Of the 630 applications vying for just twenty, lucrative permits to operate a medical marijuana dispensary in the city of Santa Ana, perhaps it is apt that one will go to Louis Freese and his collective-to-be, Dr. Greenthumb.
Freese, known for being the lead rapper in the 90’s hip-hop group Cypress Hill, has been a longtime advocate for legalizing marijuana and cannabis culture.
Freese’s collective, which is named after the band’s 1998 song, was among the lucky few selected at a random lottery in the Santa Ana city council chambers.
Although the council chambers were packed Thursday with entrepreneurs and advocates for medical and recreational marijuana usage, just months before it was full of residents venting frustration at the city’s proliferating pot shops, many which were in close proximity to homes or schools.
Up until Santa Ana voters approved Measure BB last November, the city has had a ban on medical marijuana dispensaries that was largely unenforced for several years, allowing the shops to operate illegally and unregulated.
Measure BB repeals that ban, allowing dispensaries to operate in two industrial zones and require a 500-foot distance between collectives and 1,000 feet from schools, parks and residential zones.
The measure also imposes a 5 percent business sales tax on dispensaries.
Freese said that if collectives are properly vetted and regulated, Santa Ana’s approach should contribute new jobs and tax revenue for the city.
“It shows Santa Ana is willing to take a chance and see if this will work. It’s a great step for California,” said Freese.
Advocates also say it will be a safer and more navigable environment for patients.
“It’s also an opportunity to work in a legal environment and expose patients to new, vibrant strains of marijuana,” said Christopher Glew, an attorney representing Freese and three other applications for Santa Ana dispensaries. “[They] can operate with no interference with law enforcement — instead, they’ll be partners.”
Those selected in Thursday’s random drawing will move on to the next phase of the application process, a 60-day police background check.
The city received 630 applications for up to 20 slots. At $1,690 per application with a $12,086 background check fee for selected applicants, Santa Ana expects to make at least $1 million from the process, revenue that is earmarked for enforcement of the voter-backed measure.
The firm White Nelson Diehl Evans was hired by the city to conduct the selection process to ensure impartiality, according to city spokeswoman Tanya Lyon.
Both Glew and Randall Longwith, a Fullerton-based attorney and cannabis advocate involved in several city initiatives, said the process has unfolded without incident, but criticized the use of a public lottery.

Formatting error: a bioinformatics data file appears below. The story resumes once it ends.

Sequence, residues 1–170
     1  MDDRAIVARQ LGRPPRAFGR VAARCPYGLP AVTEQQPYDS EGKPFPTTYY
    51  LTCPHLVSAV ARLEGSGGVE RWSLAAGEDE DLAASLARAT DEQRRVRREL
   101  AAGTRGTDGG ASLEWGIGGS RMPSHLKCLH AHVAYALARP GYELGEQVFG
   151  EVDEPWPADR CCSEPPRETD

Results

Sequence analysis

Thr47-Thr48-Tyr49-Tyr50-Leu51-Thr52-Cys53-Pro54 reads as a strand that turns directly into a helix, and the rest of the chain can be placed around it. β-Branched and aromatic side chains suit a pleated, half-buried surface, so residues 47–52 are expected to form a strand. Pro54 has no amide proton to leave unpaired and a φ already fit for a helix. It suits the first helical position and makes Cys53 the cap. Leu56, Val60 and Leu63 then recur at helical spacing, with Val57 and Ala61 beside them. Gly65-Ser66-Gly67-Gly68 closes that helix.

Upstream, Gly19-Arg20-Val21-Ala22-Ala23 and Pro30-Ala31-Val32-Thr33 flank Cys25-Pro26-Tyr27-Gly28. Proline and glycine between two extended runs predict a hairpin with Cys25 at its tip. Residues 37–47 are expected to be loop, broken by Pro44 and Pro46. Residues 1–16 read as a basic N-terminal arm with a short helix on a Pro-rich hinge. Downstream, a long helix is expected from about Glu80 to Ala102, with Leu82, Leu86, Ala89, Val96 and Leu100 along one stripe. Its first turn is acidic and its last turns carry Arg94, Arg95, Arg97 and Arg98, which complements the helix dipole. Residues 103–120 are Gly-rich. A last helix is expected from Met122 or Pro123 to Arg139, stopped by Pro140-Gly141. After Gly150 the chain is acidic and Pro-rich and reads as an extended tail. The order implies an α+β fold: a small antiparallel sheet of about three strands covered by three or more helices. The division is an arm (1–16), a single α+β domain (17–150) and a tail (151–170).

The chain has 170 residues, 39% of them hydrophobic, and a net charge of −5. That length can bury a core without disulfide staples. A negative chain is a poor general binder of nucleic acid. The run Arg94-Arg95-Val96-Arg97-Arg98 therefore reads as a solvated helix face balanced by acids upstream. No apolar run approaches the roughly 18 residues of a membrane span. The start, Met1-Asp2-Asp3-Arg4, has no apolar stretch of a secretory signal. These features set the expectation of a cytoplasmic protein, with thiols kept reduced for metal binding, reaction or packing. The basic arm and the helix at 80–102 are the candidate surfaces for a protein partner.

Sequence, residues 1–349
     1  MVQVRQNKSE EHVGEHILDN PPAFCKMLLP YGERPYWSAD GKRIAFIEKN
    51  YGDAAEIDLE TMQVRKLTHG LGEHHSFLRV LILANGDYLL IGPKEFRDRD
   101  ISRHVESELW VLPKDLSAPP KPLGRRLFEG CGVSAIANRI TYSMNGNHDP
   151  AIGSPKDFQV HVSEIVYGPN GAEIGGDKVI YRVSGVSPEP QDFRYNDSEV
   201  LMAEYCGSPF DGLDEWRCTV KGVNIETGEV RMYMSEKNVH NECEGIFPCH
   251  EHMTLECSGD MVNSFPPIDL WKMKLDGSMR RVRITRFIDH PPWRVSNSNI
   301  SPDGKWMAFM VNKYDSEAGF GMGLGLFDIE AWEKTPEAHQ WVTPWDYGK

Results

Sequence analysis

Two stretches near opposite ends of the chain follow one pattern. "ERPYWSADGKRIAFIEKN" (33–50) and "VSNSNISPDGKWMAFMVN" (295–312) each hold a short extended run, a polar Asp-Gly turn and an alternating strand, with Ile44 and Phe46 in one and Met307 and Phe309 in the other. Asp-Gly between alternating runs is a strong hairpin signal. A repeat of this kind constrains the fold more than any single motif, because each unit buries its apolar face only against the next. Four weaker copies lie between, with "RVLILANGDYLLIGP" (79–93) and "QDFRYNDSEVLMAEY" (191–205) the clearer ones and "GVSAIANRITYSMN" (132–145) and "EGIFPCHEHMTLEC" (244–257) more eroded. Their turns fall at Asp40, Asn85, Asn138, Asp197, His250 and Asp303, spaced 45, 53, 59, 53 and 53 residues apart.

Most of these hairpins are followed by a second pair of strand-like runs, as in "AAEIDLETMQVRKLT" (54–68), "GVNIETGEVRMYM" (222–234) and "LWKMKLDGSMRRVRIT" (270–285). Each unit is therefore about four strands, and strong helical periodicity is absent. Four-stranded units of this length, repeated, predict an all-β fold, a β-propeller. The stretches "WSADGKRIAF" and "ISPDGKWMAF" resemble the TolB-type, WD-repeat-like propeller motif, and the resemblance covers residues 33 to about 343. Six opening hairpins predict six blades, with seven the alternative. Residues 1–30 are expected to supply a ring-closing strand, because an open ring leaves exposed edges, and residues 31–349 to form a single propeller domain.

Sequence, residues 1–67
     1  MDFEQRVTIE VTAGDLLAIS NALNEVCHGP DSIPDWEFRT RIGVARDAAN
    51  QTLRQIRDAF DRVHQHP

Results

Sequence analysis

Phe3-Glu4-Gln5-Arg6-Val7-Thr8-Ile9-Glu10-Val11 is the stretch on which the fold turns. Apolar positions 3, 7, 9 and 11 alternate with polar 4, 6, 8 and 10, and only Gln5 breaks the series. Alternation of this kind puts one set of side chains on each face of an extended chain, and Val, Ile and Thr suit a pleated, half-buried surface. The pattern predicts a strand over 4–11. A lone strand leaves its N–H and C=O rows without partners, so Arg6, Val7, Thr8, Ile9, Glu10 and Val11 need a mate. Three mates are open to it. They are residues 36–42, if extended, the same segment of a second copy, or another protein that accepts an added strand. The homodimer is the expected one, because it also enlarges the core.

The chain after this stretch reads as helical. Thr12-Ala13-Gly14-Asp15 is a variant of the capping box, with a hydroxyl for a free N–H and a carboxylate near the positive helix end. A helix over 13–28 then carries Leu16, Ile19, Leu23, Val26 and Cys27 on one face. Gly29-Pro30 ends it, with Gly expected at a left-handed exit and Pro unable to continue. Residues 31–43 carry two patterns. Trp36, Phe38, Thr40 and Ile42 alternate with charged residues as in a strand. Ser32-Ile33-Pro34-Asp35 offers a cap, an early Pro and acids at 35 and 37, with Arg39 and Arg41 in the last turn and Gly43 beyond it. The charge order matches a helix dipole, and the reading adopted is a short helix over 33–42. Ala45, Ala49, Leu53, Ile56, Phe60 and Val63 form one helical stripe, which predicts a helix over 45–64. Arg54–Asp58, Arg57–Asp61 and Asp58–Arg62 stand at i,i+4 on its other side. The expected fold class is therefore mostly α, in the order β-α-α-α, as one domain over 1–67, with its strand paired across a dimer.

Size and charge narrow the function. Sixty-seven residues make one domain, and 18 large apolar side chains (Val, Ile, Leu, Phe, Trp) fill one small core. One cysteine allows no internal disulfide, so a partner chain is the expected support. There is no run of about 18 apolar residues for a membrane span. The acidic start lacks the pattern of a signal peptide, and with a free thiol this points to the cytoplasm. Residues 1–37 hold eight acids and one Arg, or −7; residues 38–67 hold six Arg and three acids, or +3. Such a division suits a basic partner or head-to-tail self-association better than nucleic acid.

“You should be vetting people up front, figuring out who doesn’t have a criminal record and all of that, and then have the lottery,” said Longwith, who has helped author medical marijuana petitions for cities across Orange County.
He said a pre-screening would ensure “the best” operators possible, rather than focusing on “giving every applicant an equal chance.”
Since medical marijuana was legalized in California in 1996, cannabis has become a billion-dollar industry statewide.
Many cities have sought to crack down on the proliferating medical marijuana industry — still illegal under federal law — either by banning dispensaries altogether or regulating them through zoning codes.
Earlier this week, Anaheim city officials bolstered their power to pursue civil and criminal action against landowners that allow illegal pot shops to operate on their property, part of the city’s ongoing efforts to eliminate commercial marijuana altogether.
Costa Mesa city council members, meanwhile, have asked staff to prepare an ordinance regulating medical marijuana shops, an item which is expect to arrive before the council sometime this month. Two similar citizen- and industry-backed ballot measures have already been submitted and approved for the 2016 election.
But with a statewide measure to legalize recreational marijuana expected for the 2016 ballot, many local officials are waiting to see which way the winds blow before taking action on the local level.
Twenty-three states and the District of Columbia currently have laws legalizing marijuana, according to Governing magazine.
Among those, voters in four states have approved ballot measures legalizing recreational marijuana: Colorado, Washington, Alaska and Oregon.
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